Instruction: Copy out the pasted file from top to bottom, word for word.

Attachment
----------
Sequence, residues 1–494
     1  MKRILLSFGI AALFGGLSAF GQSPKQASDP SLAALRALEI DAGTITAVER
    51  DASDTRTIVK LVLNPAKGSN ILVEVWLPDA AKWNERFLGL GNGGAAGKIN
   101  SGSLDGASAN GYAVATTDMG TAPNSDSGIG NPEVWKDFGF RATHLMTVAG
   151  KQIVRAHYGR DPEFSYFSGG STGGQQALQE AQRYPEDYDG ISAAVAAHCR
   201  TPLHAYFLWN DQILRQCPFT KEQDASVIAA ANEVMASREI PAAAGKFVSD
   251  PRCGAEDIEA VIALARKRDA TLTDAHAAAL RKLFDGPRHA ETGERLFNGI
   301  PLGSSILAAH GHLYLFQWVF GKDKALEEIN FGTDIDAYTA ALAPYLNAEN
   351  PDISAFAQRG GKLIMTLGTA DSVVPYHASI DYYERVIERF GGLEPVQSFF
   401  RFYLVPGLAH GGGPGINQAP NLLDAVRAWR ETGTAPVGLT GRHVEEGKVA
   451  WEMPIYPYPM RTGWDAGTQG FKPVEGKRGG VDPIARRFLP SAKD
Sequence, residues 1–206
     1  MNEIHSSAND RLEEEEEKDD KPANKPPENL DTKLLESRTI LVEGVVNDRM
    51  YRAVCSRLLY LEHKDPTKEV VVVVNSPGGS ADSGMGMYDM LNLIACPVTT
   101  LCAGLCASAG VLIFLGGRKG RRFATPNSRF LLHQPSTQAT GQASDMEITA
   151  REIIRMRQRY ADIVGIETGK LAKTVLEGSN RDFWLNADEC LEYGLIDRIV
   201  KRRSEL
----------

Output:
Sequence, residues 1–494
     1  MKRILLSFGI AALFGGLSAF GQSPKQASDP SLAALRALEI DAGTITAVER
    51  DASDTRTIVK LVLNPAKGSN ILVEVWLPDA AKWNERFLGL GNGGAAGKIN
   101  SGSLDGASAN GYAVATTDMG TAPNSDSGIG NPEVWKDFGF RATHLMTVAG
   151  KQIVRAHYGR DPEFSYFSGG STGGQQALQE AQRYPEDYDG ISAAVAAHCR
   201  TPLHAYFLWN DQILRQCPFT KEQDASVIAA ANEVMASREI PAAAGKFVSD
   251  PRCGAEDIEA VIALARKRDA TLTDAHAAAL RKLFDGPRHA ETGERLFNGI
   301  PLGSSILAAH GHLYLFQWVF GKDKALEEIN FGTDIDAYTA ALAPYLNAEN
   351  PDISAFAQRG GKLIMTLGTA DSVVPYHASI DYYERVIERF GGLEPVQSFF
   401  RFYLVPGLAH GGGPGINQAP NLLDAVRAWR ETGTAPVGLT GRHVEEGKVA
   451  WEMPIYPYPM RTGWDAGTQG FKPVEGKRGG VDPIARRFLP SAKD
Sequence, residues 1–206
     1  MNEIHSSAND RLEEEEEKDD KPANKPPENL DTKLLESRTI LVEGVVNDRM
    51  YRAVCSRLLY LEHKDPTKEV VVVVNSPGGS ADSGMGMYDM LNLIACPVTT
   101  LCAGLCASAG VLIFLGGRKG RRFATPNSRF LLHQPSTQAT GQASDMEITA
   151  REIIRMRQRY ADIVGIETGK LAKTVLEGSN RDFWLNADEC LEYGLIDRIV
   201  KRRSEL